As an example:
"But watch out if you try to pop nothing"
(= __ (try
(catch IllegalStateException e "No dice!")))
Problem in /home/clueless/clojure-koans/src/koans/02_lists.clj
But watch out if you try to pop nothing
(= __ (try (pop (quote ())) (catch IllegalStateException e "No dice!")))
I agree it does make it easier to solve when you can see what you're trying to evaluate to. It was actually a conscious decision to make that not be the case, because it seemed too easy to just fill in the blanks without thinking about what should go there.
This is basically the worst part of Clojure (and only on the JVM at that): catching a Java exception.
I know that's not your point but --and I'm a huge Clojure fan-- seeing a Java idiosynchrasy like that one makes me want to give up Clojure : (
"Conjoining an element to a list can be done in the reverse order"
(= __ (conj '(:a :b :c :d :e) 0))
e.g. (conj '(:a :b :c) :d :e :f) returns
(:f :e :d :a :b :c)
git clone email@example.com:functional-koans/clojure-koans.git
lein koan run
I remember I did: the koans first, then tried several exercises on the 4clojure website, then learned about Leinengen and only then I moved into 'projects'.
Unless they expect the new user to spend significant time learning about that tool before moving on to their koans, I think it'd really be much better to have a short how-to for that.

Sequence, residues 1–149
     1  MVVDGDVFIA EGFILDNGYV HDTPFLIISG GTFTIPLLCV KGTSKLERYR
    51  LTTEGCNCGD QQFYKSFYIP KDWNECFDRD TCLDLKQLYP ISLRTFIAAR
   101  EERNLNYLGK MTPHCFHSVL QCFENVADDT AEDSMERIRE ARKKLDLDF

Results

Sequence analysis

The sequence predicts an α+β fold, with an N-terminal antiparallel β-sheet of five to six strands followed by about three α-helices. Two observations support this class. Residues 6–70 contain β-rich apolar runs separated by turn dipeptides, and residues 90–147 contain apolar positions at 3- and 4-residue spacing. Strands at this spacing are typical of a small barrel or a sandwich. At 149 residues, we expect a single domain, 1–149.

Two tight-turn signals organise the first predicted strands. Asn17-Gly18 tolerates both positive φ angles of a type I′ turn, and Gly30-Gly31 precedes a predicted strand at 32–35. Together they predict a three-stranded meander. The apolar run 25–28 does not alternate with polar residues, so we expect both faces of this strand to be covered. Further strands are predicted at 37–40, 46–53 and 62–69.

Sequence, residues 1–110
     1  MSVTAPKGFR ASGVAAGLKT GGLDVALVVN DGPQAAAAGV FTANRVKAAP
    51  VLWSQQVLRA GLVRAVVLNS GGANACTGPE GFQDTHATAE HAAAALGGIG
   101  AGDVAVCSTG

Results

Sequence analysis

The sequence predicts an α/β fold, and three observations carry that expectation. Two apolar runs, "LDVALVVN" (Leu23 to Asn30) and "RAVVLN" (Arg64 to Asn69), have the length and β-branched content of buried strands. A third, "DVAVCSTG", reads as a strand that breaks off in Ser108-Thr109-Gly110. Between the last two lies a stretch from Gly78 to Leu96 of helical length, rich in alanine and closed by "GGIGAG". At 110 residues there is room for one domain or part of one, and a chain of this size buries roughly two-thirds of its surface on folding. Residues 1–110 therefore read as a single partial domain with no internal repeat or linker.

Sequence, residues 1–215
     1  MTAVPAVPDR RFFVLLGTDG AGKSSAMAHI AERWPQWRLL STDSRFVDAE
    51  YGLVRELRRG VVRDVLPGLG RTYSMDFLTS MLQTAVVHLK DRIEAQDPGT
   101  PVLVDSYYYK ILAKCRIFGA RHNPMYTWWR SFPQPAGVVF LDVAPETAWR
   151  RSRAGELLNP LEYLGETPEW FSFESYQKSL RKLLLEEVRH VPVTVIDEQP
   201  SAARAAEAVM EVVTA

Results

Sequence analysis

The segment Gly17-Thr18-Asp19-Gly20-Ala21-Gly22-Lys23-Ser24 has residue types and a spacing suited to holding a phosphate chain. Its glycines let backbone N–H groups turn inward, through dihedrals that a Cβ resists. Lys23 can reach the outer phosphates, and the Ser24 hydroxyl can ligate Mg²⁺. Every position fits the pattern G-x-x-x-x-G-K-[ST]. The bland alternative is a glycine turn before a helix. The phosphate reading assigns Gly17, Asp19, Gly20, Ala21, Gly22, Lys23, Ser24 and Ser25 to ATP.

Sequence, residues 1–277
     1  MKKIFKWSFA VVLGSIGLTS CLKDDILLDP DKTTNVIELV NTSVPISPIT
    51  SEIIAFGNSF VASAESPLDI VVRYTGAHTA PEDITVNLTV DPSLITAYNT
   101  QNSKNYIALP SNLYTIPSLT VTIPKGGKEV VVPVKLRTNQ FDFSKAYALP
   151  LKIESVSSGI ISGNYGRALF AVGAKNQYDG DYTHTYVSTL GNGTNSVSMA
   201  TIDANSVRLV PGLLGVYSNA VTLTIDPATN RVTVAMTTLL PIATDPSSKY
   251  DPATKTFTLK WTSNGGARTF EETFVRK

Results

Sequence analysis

Learn Leiningen- not only because it makes Clojure simple and pleasurable to use, but because it'd be a fantastic tool no matter what language it was part of.
Project skeletons (new new), command line scripting (via lein exec), deployment, the wonderful 'lein ring server', custom plugins... and for those who just want to get their feet wet, 'lein repl' brings the ocean to you.
Kudos to the authors, and you have a thumbs up from me.
- find a function / aspect of Clojure that calls my attention
- read the doc / try to understand the rationale
- give it a sample use case, try to connect it with previous lessons
Now I'm into 4clojure to keep on practising the syntax and to get my mind to think _the functional way_
Any other resource to be suggested?
I need to revisit them, but the thornier (for me) problems kept distracting me from other work.